Juvenile law in Florida set to change after Supreme Court ruling

Florida criminal courts may be in for some major adjustments after a recent U.S. Supreme Court ruling. In contrast with Florida law, the high court held that mandatory life sentences for juveniles convicted of homicide are unconstitutional. Florida is one of 28 states that have such statutes in place regarding juvenile crimes, and the Supreme Court’s recent ruling may have a widely felt impact on the juvenile law system in our state.

The high court’s decision does not necessarily mean that juveniles cannot be sentenced to life without parole, but the ruling does mean that judges, prior to sentencing, must now consider a juvenile’s age and the nature of the crime. Nevertheless, as of right now, Florida judges are in a bind. If they give a life sentence to a juvenile, they are in violation of the Supreme Court’s ruling, but if the judges refrain from giving a life sentence in some cases, the judges are in violation of the state statutes.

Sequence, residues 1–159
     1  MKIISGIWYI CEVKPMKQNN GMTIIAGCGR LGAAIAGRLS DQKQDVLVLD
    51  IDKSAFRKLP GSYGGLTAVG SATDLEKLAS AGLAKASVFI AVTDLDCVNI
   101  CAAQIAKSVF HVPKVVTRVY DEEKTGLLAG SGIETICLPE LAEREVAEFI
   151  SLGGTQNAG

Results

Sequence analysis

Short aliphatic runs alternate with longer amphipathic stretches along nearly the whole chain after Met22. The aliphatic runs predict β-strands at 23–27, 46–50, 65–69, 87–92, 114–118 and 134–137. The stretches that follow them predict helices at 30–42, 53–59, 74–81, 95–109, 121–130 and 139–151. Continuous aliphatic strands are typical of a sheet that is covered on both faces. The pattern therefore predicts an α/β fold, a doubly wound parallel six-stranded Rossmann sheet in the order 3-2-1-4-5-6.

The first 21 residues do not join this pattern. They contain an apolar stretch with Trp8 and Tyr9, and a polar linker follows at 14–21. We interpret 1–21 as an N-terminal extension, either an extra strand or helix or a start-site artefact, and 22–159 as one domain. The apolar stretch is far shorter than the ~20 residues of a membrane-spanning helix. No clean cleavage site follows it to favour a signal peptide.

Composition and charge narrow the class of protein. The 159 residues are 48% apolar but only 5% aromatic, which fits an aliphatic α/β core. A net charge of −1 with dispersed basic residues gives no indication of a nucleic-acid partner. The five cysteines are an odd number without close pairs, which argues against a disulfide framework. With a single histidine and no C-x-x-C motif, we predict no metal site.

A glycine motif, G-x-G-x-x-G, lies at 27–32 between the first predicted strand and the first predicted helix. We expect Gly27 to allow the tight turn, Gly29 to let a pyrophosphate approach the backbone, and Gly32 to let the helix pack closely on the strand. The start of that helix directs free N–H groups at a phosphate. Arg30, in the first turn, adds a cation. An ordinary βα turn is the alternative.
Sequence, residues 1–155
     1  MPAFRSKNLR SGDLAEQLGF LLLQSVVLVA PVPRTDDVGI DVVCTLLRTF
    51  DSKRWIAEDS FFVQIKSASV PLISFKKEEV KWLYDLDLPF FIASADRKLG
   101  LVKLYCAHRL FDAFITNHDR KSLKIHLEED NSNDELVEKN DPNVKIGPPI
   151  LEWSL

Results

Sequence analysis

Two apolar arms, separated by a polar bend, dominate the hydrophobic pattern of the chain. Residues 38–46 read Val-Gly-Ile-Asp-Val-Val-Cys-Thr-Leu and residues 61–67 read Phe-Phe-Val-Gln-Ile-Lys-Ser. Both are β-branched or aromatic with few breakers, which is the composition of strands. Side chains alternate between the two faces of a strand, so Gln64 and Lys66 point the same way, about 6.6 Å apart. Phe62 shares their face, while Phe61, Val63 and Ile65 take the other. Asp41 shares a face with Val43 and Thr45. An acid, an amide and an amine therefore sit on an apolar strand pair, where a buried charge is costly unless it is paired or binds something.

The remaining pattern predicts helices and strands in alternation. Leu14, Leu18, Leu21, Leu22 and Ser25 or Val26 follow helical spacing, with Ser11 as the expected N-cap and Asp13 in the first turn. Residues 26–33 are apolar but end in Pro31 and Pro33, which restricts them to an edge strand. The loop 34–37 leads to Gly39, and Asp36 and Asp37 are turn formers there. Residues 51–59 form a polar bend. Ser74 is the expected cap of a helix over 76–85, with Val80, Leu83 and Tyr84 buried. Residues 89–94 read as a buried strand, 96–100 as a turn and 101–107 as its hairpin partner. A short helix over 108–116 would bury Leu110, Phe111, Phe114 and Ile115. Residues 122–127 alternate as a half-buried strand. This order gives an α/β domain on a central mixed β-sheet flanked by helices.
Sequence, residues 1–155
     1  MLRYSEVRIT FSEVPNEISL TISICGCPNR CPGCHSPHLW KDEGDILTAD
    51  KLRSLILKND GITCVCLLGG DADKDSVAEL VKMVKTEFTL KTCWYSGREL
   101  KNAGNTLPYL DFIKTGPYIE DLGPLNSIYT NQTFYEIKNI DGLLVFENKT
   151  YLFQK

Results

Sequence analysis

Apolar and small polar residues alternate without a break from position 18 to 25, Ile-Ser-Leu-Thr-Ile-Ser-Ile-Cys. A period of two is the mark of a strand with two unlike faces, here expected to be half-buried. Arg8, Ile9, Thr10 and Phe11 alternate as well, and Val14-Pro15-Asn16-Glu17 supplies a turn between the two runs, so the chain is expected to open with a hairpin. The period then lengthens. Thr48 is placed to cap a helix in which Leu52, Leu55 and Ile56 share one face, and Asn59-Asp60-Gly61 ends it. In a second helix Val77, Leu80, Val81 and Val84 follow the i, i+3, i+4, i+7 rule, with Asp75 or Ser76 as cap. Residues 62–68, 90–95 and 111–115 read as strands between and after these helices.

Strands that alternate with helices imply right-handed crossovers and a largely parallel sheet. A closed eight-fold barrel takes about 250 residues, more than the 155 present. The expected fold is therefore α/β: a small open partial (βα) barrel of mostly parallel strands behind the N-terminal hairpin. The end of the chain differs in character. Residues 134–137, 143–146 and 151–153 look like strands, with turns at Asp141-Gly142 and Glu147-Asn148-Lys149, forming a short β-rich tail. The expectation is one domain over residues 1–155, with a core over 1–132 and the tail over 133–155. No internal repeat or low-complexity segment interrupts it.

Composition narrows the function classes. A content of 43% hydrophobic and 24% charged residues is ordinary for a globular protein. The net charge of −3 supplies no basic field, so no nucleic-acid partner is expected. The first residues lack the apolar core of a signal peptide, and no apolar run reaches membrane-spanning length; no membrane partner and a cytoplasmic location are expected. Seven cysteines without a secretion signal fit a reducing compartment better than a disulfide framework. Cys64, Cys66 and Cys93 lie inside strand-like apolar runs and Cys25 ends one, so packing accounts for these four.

Regarding these issues, there are two possible options for the Florida legislature. The first is to grant prisoners a resentencing hearing. Based on preliminary data, it is believed that about 250 inmates’ sentences may be affected, but some public interest groups are still trying to calculate how many prisoners may be eligible for resentencing.

The second option is to pass legislation that grants individuals who were sentenced under the mandatory life-sentence statute the opportunity for parole. Either way, prisoners who were convicted of homicide as juveniles should be fully aware of their legal options.

Source: news-press.com, “Life sentence rules uncertain for juveniles in Florida,” The News-Service of Florida, July 1, 2012


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